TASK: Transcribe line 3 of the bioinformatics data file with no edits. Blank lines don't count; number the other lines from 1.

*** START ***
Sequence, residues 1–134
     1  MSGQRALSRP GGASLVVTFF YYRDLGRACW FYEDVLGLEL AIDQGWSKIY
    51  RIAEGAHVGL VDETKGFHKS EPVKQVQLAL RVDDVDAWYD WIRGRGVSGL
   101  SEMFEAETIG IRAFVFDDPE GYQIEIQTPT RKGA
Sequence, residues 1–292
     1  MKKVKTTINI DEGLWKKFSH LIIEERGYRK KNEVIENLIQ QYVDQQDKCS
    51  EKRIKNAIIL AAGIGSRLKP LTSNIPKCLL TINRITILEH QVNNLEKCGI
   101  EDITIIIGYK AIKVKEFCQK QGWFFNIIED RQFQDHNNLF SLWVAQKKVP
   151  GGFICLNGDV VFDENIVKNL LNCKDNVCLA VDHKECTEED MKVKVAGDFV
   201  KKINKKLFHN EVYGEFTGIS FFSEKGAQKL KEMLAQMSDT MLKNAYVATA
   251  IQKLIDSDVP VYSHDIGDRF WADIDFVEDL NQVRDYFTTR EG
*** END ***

    51  RIAEGAHVGL VDETKGFHKS EPVKQVQLAL RVDDVDAWYD WIRGRGVSGL